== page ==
Category Archives: DV Statistics

IPV and the Military

Pacific Standard contributor Lauren Kirchner recently reviewed a 2013 Journal of Family Violence study examining Veterans Health Administration (VHA) perspectives on screening patients for intimate partner violence (IPV). The study reveals that female veterans experience IPV at rates much higher than the general public. The study also highlights that while women comprise a growing number of active duty personnel and veterans, their unique health care needs often go unaddressed. VHA doctors lamented the lack the training they receive when it comes to identifying and intervening in cases of IPV.

One doctor interviewed for the study had the following to say about screening for domestic violence among female veterans: “It’s just really not on my radar. It is so overshadowed by other mental health issues and substance abuse issues that, relative to those topics, IPV isn’t really up there.”

This failure to recognize the role that IPV plays in exacerbating such issues speaks to the need for increased training among VHA practitioners around identifying IPV in patients. For IPV survivors and advocates, it comes as no surprise that women experiencing abuse would present with a myriad of mental health concerns and substance abuse issues—particularly if this abuse is compounded by combat related trauma.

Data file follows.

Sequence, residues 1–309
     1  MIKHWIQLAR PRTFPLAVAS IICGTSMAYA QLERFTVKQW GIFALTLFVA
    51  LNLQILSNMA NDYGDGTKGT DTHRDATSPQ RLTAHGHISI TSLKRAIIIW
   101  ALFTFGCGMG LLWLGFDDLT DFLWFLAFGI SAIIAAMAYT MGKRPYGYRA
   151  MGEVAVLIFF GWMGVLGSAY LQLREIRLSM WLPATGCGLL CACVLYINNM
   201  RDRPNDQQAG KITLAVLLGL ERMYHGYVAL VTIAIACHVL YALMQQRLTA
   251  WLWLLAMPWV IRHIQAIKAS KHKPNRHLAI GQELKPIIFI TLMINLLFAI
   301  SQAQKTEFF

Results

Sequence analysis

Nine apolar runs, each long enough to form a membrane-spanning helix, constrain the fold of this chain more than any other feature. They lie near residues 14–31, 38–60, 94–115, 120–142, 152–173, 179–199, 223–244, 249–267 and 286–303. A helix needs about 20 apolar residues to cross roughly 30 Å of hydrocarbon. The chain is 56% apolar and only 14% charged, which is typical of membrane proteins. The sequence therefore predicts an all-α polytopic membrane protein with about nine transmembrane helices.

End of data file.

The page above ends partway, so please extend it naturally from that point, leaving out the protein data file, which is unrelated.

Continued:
While millions gather today to pay tribute to the men and women who have served in the nation’s military, let us also acknowledge the problem of IPV for female veterans and their families. Improving the healthcare that America’s veterans receive is no doubt the best way to honor their service.

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NO MORE: Challenging the Current DV Paradigm

This month, the NO MORE PSA Campaign launched a series of print, broadcast, online, and outdoor advertisements, the goal of which is to raise awareness around issues of domestic violence and sexual assault. The 3-year long campaign was developed in response to a study conducted earlier this year which revealed what many advocates and survivors have long known–namely, that domestic violence and sexual assault continue to be widespread and that there exists a shockingly high degree of silence and inaction around both issues.

A call to action

Given these findings, the NO MORE campaign has chosen not to direct their message to individual victims or offenders. Instead, the campaign calls on friends and family members to take action to intervene in potentially violent situations to prevent survivors from experiencing further victimization. The message of NO MORE is also directed at society as a whole; challenging widespread beliefs about accountability and victimization.

In the print and television ads, celebrities such as Mariska Hargitay call for an end to the excuses commonly used to justify inaction. Rationalizations such as “She was really drunk”, “He’s such a nice guy though”, or “Why doesn’t she just leave” are among the many which are exposed. Below are two of the many online videos produced by NO MORE.